Five Reasons to Dive Okinawa – apart from the great diving!

The top five reasons you should dive in Okinawa (other than the diving)

As you’ve probably already heard (probably from me, probably on this blog) the diving in the Japanese prefecture of Okinawa is incredible. Pristine coral reefs, scenic swim-throughs, gullies and pinnacles, colourful soft and hard corals, enormous sea fans, lots of interesting marine life, and then of course there’s the underwater mystery of the Yonaguni Monument.

Okinawa diving and snorkelling – good reasons for a dive holiday in Japan other than the best diving in the pacific ocean. Japan is easy, clean and tasty

The vis, on a good day, is upwards of 50m. The water temperature rarely gets lower than 21°C, and depending on the time of year, you’re likely to see manta rays at Ishigaki, and large schools of hammerheads at Yonaguni.

Scuba Diving Okinawa

But these are not the only things that make a diving trip to Okinawa so easy and memorable. Here are five more.

1. It’s easy to get to

There are daily direct flights to Tokyo from Sydney, Melbourne and Brisbane, which take just over nine hours, with easy and efficient connections on to Okinawa, a two-hour flight away.

From the airport, you have a choice of transfers to your accommodation, a taxi to the city centre and ferry terminal should set you back around Au$20, or you can opt for Okinawa City Monorail or the Airport Limousine Bus. The bus is the best option if you’re staying on the main island at one of the West Coast resorts, and it won’t cost more than Au$25.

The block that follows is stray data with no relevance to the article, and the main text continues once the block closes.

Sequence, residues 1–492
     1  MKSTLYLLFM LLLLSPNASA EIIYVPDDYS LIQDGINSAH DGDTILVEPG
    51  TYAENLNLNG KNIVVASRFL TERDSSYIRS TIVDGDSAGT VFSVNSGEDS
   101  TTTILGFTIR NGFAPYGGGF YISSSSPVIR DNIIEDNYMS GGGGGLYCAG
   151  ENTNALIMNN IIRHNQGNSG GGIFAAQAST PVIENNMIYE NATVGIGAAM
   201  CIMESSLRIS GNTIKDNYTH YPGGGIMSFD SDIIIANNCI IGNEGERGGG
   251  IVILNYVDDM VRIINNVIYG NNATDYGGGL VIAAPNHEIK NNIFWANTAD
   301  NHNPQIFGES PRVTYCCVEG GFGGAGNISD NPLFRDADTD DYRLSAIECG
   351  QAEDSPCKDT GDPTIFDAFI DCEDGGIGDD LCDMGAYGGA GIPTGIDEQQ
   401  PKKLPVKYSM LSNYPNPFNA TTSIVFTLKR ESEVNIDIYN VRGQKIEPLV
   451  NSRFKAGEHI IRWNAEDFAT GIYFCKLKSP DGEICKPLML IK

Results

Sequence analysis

There is a regular ferry service to Kerama Shoto National Park, but the best way to transfer to outer islands such as Yonaguni and Ishigaki is via a short flight.

Okinawa diving and snorkelling – good reasons for a dive holiday in Japan other than the best diving in the pacific ocean. Japan is easy, clean and tasty

Bus, train and ferry services run ON time ALL the time and they are very inexpensive.

2. The people are friendly and helpful, and tipping is not expected

English is not widely spoken in Japan, but they will do their utmost to try and understand what you’re trying to say and help you in any way they can. Stand on a street corner puzzling at a map, and within minutes several locals will approach you to try and help guide you.

Don’t worry too much about getting your Japanese etiquette perfected either, they don’t expect you to know the nuances, but they will guide you where they can, ever-so-politely asking you to remove your shoes when necessary or showing the correct way to tie your yukata (dressing gown).

And good news for us Aussies, un-used to tipping: in Japan it is not expected. Good manners are, however. So remember your Ps and Qs, and bow politely when they bow in greetings to you. You won’t find it hard to remember your manners – the Japanese are so polite it’s contagious.

Dining at Naha Okinawa Japan by Diveplanit

3. The food is delicious

In Australia, we’re reasonably familiar with Japanese food, but be prepared to be spoiled. For some reason, it all tastes much better in Japan. No matter the size of the restaurant or the price on the menu, from top-notch steak houses in Naha city to remote Izakaya (pubs) on the outer islands, it’s all delicious, and beautifully presented.